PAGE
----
I think I am finally beginning to understand something about my travels. There are places I will never make it to again. When I was younger I would go places because I could. It would never concern me that I may never go to Wilmington, Delaware again. Of course, that may be because I would never knowingly go to Wilmington again. But I’ll save that story for another time.
I once went to Eau Claire, Wisconsin. I went many times. Each time I didn’t know if it would be the last. It did not concern me one way or the other, if it would be the last. As I look back, I realize I may have treated it differently if it were the last. Maybe I would have taken one more look in the rearview mirror as the van drove southward down the snowy highway, bound for Rockford and points homeward.
Now, it is different. When I travel, I travel with both my conscious and unconscious self. My unconscious self enjoys the journey and the destination. My unconscious self remembers certain smells and sounds, some train rides, some meals, some encounters. I do not need to remind it. I do not need to take a picture. These are the stories we recount to our friends, stories which become grander or more adventuresome with the passing years. But now and then, my conscious self comes along, telling my unconscious self to remember this particular moment. It says walk around the square one last time. Remember the color of the building, the name of the subway stop, the smell of the pastries. Look here, it says. Look there. Do you see that? Then it starts to think about time and how big the world is.
This conscious self tells me that I spent 11 hours of flying on 2 airlines, then a 4-hour drive to end up here in Karlstad, Sweden. I have been dropped half a world away from your home in a country far too expensive. You will never make it back, it taunts me. This journey, this memory is just another one-night stand. You can go with the flow, experience the orgasm, the throes of passion, the bumping and grinding. Then, tomorrow you will wonder whether the pleasure is worth more than the details, alternately glowing in the light of the night that was and kicking yourself for forgetting the intimate details your brain wants to remember. Or you can study the body, concentrating on the curves and the warmth, the movements, the touches, striving to solidify all five senses in your memory, taking the chance you may miss the spontaneity, the passion that the moment is intended to bring. Tomorrow you will be left with facts and not feelings. This is how I travel, doing my best to balance both.
The result of this conundrum, this internal debate, is that I am prone to suffering from pre-nostalgia. This is the longing to return, before I have even left. I feel this way often. It happened in Chattanooga, where life seemed so easy, riding a carousel with 30-year old friends and living day-to-day the way we did in college together, visiting the shops, wasting the waning daylight. I felt it again in Luang Prabang, the glorious city on the Mekong in northern Laos. So there I sat, in the languid dense air of June, by the pool or in a cafe or on a bench, watching the tuk-tuks and the bikes and the tourists, and wonder how I could ever be so lucky to be here at this moment, a random stranger to this place. I love the calm and the hubbub, living in harmony. And I wonder to myself if I will ever make it back. And I promise myself I would make it back. But it may be 10 years or 20. Things will not be the same in even 5 years, this world changing daily, making progress I do not want it to make. And I scheme in my mind, how can I ever make it back. What path can I choose that will lead me back here to the jungles of Indochina for maybe just one week more. What is one week in a life as long as ours? Can I do it? How can I do it?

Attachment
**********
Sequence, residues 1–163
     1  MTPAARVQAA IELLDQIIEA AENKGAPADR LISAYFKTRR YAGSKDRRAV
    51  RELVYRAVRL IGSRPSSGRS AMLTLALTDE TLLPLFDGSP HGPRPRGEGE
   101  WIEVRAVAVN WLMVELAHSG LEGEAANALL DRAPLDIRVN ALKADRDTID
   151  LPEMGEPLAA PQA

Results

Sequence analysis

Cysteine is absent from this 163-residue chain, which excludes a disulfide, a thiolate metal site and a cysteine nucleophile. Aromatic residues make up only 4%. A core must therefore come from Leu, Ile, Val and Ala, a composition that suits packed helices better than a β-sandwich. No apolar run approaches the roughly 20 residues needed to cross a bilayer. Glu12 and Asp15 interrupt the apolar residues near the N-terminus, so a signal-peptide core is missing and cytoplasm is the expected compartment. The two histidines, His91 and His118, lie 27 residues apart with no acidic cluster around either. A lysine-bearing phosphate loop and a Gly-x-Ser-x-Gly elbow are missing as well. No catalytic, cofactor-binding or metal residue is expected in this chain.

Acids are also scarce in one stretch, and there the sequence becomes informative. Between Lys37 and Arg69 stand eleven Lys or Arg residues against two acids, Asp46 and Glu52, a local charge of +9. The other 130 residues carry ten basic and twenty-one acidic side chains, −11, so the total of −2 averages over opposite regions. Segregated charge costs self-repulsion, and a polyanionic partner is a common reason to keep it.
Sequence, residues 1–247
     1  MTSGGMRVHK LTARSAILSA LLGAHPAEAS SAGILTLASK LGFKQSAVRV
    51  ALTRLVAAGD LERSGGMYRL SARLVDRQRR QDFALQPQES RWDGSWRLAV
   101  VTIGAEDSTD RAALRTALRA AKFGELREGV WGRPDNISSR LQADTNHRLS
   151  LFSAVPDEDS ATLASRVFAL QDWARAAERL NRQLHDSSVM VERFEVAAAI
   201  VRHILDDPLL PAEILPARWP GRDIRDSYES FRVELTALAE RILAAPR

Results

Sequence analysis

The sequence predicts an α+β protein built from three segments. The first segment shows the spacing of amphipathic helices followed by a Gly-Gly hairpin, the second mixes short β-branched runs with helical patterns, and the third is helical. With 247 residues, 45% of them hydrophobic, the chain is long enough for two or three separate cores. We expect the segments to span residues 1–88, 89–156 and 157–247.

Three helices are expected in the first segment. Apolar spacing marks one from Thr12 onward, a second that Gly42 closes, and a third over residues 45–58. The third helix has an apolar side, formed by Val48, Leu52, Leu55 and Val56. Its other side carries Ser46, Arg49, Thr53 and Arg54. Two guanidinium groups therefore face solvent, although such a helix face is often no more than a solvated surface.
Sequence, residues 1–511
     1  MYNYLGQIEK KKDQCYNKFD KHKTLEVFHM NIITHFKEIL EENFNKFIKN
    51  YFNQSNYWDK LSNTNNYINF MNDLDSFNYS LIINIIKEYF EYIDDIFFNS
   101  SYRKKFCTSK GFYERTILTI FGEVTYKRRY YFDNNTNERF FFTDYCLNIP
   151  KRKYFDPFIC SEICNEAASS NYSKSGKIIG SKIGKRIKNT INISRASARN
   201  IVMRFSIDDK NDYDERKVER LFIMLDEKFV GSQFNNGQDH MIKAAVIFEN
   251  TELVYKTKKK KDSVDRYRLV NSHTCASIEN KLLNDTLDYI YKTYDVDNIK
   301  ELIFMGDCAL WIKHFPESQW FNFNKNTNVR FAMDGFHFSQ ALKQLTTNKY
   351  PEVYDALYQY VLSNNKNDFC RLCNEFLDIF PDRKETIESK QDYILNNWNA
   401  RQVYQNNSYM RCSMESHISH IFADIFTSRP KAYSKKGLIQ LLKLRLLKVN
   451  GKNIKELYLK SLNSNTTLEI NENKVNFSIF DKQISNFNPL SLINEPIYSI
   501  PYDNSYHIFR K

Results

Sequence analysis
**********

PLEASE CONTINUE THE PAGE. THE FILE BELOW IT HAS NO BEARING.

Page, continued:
And each time I visit Waikiki, I can barely sleep. I want to curl up in that moment and freeze time. I want to turn off the clock and the sun and sit there in the perfect sunset until my brain can no longer stand the beauty. And I am the happiest person in the world, just to be there. And the saddest person in the world, knowing that I will have to leave.
I will not speak of all my journeys. I do not intend to make you jealous, just as I do not intend to share all of my experiences. We could talk all day, and if I need to explain more, you may possibly never understand. And if you understand, your mind has already started to drift to that place in your past. That hayride, that dinner under the stars, that walk down the street of the foreign city, that view. Oh, that view. That ocean. Those mountains. Yes, I think you understand. And if you are lucky it just might be more than a one night stand.